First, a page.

TBT - What was your first marketing success? - Throwback Thursday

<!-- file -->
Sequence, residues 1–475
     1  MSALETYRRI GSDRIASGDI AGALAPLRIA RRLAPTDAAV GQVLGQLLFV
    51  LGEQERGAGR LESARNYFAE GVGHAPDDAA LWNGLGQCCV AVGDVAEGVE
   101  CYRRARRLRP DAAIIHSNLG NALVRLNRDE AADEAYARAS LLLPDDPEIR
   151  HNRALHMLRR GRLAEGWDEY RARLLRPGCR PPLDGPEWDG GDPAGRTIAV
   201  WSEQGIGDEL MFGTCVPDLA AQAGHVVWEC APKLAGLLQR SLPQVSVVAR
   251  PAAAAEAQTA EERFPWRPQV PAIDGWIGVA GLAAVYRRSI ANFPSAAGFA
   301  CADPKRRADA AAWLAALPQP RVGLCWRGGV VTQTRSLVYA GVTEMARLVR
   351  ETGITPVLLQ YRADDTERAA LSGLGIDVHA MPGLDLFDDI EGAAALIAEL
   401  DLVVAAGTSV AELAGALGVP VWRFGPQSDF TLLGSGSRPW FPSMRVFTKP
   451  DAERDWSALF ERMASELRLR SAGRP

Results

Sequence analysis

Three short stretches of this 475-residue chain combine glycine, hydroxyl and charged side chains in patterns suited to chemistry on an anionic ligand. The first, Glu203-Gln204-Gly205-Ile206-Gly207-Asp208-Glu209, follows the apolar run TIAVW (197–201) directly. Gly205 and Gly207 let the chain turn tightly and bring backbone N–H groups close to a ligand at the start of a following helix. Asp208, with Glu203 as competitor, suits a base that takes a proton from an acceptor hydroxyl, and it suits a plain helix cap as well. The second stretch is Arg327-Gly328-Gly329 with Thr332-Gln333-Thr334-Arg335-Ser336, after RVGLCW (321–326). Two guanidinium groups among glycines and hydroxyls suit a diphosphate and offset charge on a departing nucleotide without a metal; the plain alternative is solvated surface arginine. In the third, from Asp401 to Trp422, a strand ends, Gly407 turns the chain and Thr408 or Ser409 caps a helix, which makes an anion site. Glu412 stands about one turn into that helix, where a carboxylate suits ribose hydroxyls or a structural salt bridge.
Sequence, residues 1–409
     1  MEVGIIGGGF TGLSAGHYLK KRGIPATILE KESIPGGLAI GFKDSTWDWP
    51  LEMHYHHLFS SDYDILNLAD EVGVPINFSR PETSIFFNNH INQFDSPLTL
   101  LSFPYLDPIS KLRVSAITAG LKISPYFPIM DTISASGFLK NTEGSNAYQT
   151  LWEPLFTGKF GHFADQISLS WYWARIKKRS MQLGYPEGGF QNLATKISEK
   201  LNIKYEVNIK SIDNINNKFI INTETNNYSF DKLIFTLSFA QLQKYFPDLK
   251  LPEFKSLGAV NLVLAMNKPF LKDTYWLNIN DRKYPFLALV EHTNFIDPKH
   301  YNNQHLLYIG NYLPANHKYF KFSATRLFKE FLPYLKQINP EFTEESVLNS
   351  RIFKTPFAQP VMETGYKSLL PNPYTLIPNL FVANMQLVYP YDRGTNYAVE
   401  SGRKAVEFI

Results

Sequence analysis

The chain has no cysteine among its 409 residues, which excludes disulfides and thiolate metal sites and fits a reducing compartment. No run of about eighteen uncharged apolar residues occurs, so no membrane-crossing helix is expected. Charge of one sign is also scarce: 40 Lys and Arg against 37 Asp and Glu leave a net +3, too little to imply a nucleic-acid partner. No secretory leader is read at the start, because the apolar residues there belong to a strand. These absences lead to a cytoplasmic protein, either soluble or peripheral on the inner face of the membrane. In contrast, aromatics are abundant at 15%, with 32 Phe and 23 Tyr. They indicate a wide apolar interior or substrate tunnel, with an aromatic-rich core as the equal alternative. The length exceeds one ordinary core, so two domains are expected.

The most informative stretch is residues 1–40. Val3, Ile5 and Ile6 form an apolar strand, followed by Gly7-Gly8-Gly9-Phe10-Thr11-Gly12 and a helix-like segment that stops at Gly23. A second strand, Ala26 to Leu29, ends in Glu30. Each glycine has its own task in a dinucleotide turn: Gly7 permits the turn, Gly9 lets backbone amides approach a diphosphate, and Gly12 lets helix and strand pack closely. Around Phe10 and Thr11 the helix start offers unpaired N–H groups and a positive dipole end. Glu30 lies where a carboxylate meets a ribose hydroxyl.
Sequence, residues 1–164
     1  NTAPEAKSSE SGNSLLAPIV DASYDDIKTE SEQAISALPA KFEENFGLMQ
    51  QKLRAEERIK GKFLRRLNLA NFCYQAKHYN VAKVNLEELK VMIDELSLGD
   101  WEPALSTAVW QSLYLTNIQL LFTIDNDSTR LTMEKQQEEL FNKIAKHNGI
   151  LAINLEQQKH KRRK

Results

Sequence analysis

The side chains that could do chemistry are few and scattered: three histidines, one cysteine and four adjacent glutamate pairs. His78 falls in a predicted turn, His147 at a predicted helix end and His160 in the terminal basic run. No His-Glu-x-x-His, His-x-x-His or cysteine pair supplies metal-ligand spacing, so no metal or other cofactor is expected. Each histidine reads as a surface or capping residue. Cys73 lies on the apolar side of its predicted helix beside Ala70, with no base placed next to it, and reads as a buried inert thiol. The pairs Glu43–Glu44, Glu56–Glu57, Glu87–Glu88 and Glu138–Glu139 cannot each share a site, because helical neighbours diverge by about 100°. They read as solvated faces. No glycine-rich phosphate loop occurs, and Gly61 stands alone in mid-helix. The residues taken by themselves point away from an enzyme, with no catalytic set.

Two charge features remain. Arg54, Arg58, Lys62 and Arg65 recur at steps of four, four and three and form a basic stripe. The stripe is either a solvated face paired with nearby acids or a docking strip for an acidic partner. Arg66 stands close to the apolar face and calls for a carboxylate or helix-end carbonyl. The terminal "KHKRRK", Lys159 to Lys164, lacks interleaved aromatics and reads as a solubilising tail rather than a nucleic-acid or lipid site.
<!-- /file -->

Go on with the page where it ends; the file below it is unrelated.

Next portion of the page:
After last week's discussion (TBT - What was your first (paid) "marketing" job?) and Kristin Connell throwing the glove, I got to thinking back to college and the work I did for the campus movie theater, and I was thinking about the first real success I had with marketing, and how mine involved traumatizing high schoolers, my fellow students, and making a profit of their torment, all thanks to mentioning the "box office poision" of "NC-17." The campus theater worked (at least when I was there) by dealing directly with studios to get film prints; we needed to make about $700 a week to break even (we were technically a non profit as we were a student organization, but we were one of the few that could actually give money back to the student activity funds if we made a profit on a film showing). This was my sophomore year, and my fellow film society board members and I had just taken full reign; we brought in a new faculty adviser, and we were now doing a lot of things on our own. It came time to do brochures for the new series of films; we showed a film for one week only as we were a calendar house cinema. One of the films we were going to be showing was Requiem For A Dream which was going to be released without a rating, i.e. it would not be R, PG, etc; if you have never seen the film is it is a very well made film which brutally depicts the effects of drug addiction and how low people can sink within it. I had to do the brochure, and I had a conversation that went something like this with the adviser at about 1:30 in the morning the day I had to get the text to the printers and send it to the website people so they could list the schedule online: Me: Requiem For A Dream is unrated; it was going to be NC-17, but they didn't want that so they are releasing it as unrated; should I write that in the brochure?Adviser: Sure...and, why did you call me at this me hour?Me: I needed advice and you're the adviser. So, I put that into the brochure, and we got it back a few days later, and then something along the lines of this conversation took place: Adviser: Why did you put "should be considered NC-17" in the brochure?!?!?! Are you crazy? You never list NC-17 unless you have to. People stay away from films with that rating.Me: You told me to put it in there.Adviser: This is why you never call me at 1:30 in the morning! We're not going to make anything on this film now.Me: Ellen Burstyn was nominated for an Oscar in it.Adviser: Yeah, I know, but, the NC-17 is going to keep people away because they think it is like Showgirls.Me: It's an Academy Award nominated movie, so it clearly cannot be like Showgirls.  He did not appreciate my logic there and lectured me for about 8 more minutes about how we were going to lose money, and that from now on all unrated films had to listed as "should be considered R." I was projecting opening night; I was in the lobby with the box office clerk before the show and we suddenly had a mass of people in the lobby; I had never seen this type of crowd there ever at that point. I had noticed some younger faces that I did not recognize from around campus, but did not think anything of it at the time; I figured they were freshmen. We did two showingss that night, and the second show was just as packed, also with some new faces. The clerk brought me the ticket stubs and the cashbox, and I looked at tickets; I thought he had ripped the wrong ones because the college students had their own tickets, and there were a lot of regular student/senior tickets and I had not noticed a lot of the senior crowd there. Me: You ripped the wrong tickets; these are the regular student/senior tickets not the ones for the college studentsHim: No, I ripped the right ones; we had an awful lot of high school students hereMe: You let them in?Him: You did not tell me not to. Not one to argue with his flawless logic, I let him go, and counted the take and was very pleased to have made $500 in one night. Saturday night, I was not working, but went to see the movie again (without having to project at the same time); I got there just before the show started and the box office clerk had said a lot of college students and high schoolers showed up. I went up the back way into the theater and saw that it was pretty full. Right at the end, I went back down to the lobby; I had never seen more shocked looks; if you have the seen the movie, you may understand why.  I saw these kids who had to be 15 at the most with the most horrified looks on their faces. Kid 1 (boy): Right in the gangrene...Kid 2 (boy): That was gross...Kid 3 (girl) (in tears)Kid 4 (boy): I...saw my dad's brochure...I thought it would be a [phrase meaning adult movie]. At this point, all I am picturing is the college getting complaints about exposing their children to something so brutal. I took over the box office and flat out refused to sell anymore tickets to anyone under 17; the adviser came down and just said "Good" when I turned away a flock of young teenagers. We had another great night box office wise, then Sunday rolled around, and we had a great turn out; we broke $1000 for revenue on Sunday afternoon. We saw this rush of students; a lot of whom had never been to see a movie there before, and a lot of whom only showed up for the commercial films we ran, to see this art house film. I was getting back from working Tuesday night, another great night, and went to see a bunch of my friends in the dorm, when I was asked Friend 1: Hey Allan; what's the deal with this movie you're running?Me: What?Friend 2: The movie. We've been talking about it, and my boyfriend and his friends were talking about it too.Me: Really?Friend 1: My professor brought it up in class.It said it was very good, but very intense.Me: It is.Friend 2: My boyfriend saw it said it was not what he expected.Friend 3: Why?Friend 2: He said he saw the NC-17 in the brochure at the student center and figured, you know, it was like [pejorative for adult movie], but it wasn't. His only reaction was to tell people that they had to see it to understand.  I had conversations like this for the rest of the week with various people; a lot of people saw the NC-17 part in the brochure or on the website and showed up to see it because of the NC-17. A lot were disappointed and traumatized for life, a few vowed never to return to the theater, but, a lot of people were just in awe, and talked to their friends about it and then their friends would see it, and so on. Word of mouth had gotten around, and students showed up in droves to see it because their friends were talking about it. We made a lot on it; I can't remember exactly, but I am pretty sure we broke $2,000 on it; it was at the time the highest film we had run in 2 years. That was my first marketing success story. I had managed to turn a profit on an art house film, and was able to spread the word around campus (and apparently the local high school) about the theater, all because I had "foolishly" mentioned that a movie should be considered "NC-17." We ran another film that ran into issues with a a rating and went released unrated later that year, The Center Of The World, and this time listed it as "should be considered R." We broke even on it, but I can't help but thinking if we could have done a bit better if we listed the "NC-17" instead. That was my first marketing success story; what is your first marketing success story?